The involvement of armed groups in politics has been long justified in the discourse of political actors across the political spectrum – be it the nominally anti-military National League for Democracy or the military itself. And the ethnic armed organizations exist as a response to the Burmanization process forcibly imposed by the Burmese military for seven decades. The militarization of the country can even be traced back to a more distant past: Burmese kings were also commanders-in-chief of their dynastic armies and waged wars with feudal lords (or sometimes other kings) of the surrounding territories that later became part of modern-day Burma. The country’s old political order has been perpetuated due to the existence of armed conflicts and armed groups, the Burmese military being the most brutal and corrupt among the latter. Simply replacing the Burmese military with another armed force (whether it is a PDF or an eventual ‘federal army’) would not be a solution for the country’s problems.
For a revolution to succeed, it is important to clearly identify what is necessary to transform. From this point of view, the Burmese military and the armed groups opposed to it form the very political system of Burma today. That is this sociopolitical system that the revolution must fundamentally change. Without such a revolution, what exactly will the violence of today achieve?
The answer to the Bamar Buddhist ethnonationalism espoused by the Burmese military is not more ethnonationalism or parochialism, as espoused by the EAOs and lobbied by minority elites. The ethno-federal arrangements that emphasize only ethnic differences will not resolve the majority-minority tensions that have been created and reinforced by decades of armed conflicts. To assume that it is possible to build a professional national federal army out of a plethora of armed groups with very different visions for the country is a dangerous bet.
It will take a considerable amount of time and energy to negotiate the political arrangements not only to accommodate a diverse body politic but also to address the welfare needs that the people in Burma undeniably deserve. The talks of creating a federal army after the revolution simply miss the political and social claims on the ground – and, most importantly, ignore the political history that has led to present-day conflicts.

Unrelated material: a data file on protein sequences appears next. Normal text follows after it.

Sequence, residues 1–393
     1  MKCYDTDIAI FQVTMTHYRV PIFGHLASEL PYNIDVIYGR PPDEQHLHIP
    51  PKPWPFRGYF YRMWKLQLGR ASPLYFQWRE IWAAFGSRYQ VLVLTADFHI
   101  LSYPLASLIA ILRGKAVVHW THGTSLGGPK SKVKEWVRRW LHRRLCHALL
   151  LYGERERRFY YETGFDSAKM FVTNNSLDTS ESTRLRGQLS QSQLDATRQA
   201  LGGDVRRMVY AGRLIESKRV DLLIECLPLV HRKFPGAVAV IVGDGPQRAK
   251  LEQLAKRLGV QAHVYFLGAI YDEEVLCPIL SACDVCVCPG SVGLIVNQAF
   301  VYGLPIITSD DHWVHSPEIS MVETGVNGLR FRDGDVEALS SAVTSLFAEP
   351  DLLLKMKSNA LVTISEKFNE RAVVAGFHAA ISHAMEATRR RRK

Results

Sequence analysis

We need to create a civic-territorial nation that encompasses and accommodates diversity while recognizing the need for unity. The military-warlord hierarchy that fosters and is fostered by ethnonationalism, the most entrenched feature of today’s Burmese political order, needs to be abolished – not recreated.
But then what about national security if there is no national army? What if China or any hostile power in the future invades Burma just like Russia invaded Ukraine?
History has proven that the ‘number one’ national security threat facing the people in Burma is not any external power but the so-called ‘national army’ itself. There has been, moreover, an outpouring of international support for and calls for intervention in Ukraine, whereas the situation in Burma (and, for that matter, Syria and Afghanistan), in which a rogue army terrorizes its own people, is viewed as a matter of ‘domestic affairs’.
In two-year’s time, the Burmese military has proven that it is not only incapable of being reformed but also destructive to the country and the people it is supposed to serve. Let’s make the Spring Revolution an example of how politics can transform both state and society in the twenty-first century. Let’s boldly call for the abolition of all armed forces in Burma – the only worthy goal for the brave Burmese people currently fighting on the ground.
Thiha Wint Aung is an independent analyst and Htet Min Lwin is a PhD student at York University, Toronto. Both are alumni of CEU’s MA program in political science.
In collaboration with Eraldo Souza dos Santos